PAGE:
Mystery, Alaska

Directed by Jay Roach
Starring: Russell Crowe, Hank Azaria, Mary McCormack, Ron Eldard, Burt Reynolds.
MPAA Rating: R for language and sexuality.

Review by Matt Heffernan
October 1, 1999

David E. Kelley has had tremendous success in television. He recently won Best Series Emmys for his shows "The Practice" and "Ally McBeal". Yet, for some reason, he failed miserably with his first original screenplay: Lake Placid. Now he gives it a second go with Disney, who apparently wanted to make an adult version of The Mighty Ducks.

The small town of Mystery, Alaska has a local hockey team that plays every Saturday. The ten-man team splits up, and the town cheers both sides on. Charlie Danner (Hank Azaria), has left Mystery to be writer. He does a story on his hometown's team for Sports Illustrated, which gets national attention. He returns to Mystery to announce that the New York Rangers are coming to play the local guys in a nationally televised game.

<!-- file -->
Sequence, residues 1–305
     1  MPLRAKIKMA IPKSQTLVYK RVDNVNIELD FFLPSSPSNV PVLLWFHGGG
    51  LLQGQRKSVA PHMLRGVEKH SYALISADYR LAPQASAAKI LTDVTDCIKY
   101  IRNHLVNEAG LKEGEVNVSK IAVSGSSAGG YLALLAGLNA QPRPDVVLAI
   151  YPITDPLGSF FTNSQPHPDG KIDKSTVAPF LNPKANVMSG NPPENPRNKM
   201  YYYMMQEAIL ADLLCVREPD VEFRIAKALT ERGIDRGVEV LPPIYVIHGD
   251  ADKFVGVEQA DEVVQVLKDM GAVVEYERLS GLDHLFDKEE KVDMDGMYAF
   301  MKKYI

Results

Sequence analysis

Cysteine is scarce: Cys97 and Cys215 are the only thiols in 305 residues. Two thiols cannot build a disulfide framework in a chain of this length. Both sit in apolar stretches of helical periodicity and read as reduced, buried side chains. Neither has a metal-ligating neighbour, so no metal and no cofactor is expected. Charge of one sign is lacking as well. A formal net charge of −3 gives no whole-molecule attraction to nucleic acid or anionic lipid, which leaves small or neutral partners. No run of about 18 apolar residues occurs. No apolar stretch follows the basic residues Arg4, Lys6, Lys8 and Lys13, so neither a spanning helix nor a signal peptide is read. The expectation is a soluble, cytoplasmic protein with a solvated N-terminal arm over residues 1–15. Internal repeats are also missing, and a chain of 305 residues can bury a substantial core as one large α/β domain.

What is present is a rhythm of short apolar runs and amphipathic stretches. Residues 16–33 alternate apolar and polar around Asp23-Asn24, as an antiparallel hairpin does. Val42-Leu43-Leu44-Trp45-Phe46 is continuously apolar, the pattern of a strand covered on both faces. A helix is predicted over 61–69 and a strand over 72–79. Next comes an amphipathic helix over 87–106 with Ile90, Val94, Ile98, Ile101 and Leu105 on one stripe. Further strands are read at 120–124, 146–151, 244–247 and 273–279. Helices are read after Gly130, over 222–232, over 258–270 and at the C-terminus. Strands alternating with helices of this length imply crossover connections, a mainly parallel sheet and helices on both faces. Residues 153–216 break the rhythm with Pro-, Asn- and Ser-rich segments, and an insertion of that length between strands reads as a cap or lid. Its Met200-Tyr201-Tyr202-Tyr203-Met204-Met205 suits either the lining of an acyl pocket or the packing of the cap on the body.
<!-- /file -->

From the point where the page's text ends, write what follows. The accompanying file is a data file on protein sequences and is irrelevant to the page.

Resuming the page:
John Biebe (Russell Crowe), the local sheriff, was cut from the team just prior to the announcement. Judge Burns (Burt Reynolds) is the usual coach, but he thinks that the potential for embarrasment is too great. The town's mayor (Colm Meaney) calls upon John to replace him. Now John has to lead a bunch of regular guys against a professional team, even at the cost of dignity.

I've heard one critic refer to this film as "the Rocky of hockey!" The ironic thing is, Kelley has a long way to go before he can write a screenplay as good as Sylvester Stallone's. He shows a small amount of improvement from his previous film, but the script still lacks any real insight or originality. It's just another trite sports movie that pretends to have a heart.

This was the first non-Austin Powers film directed by Jay Roach. Here he tries to deal with a very large cast, with too many stories, and it's just too much. He should have cut a lot of fat out of the screenplay, and kept the film to reasonable length. The longer it goes on, the more you realize that it was just a waste of time.

With the new TV season starting, I again notice that some of my favorite shows are really much better that most feature films. Kelley's shows are quite exceptional, and certainly deserved those Emmy's. I think it would be best is he concentrated on his forté, and forget about screenwriting. Besides, he still gets to go home to Michelle Pfeiffer.

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Mystery, Alaska (1999)

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Review © 1999 Matt Heffernan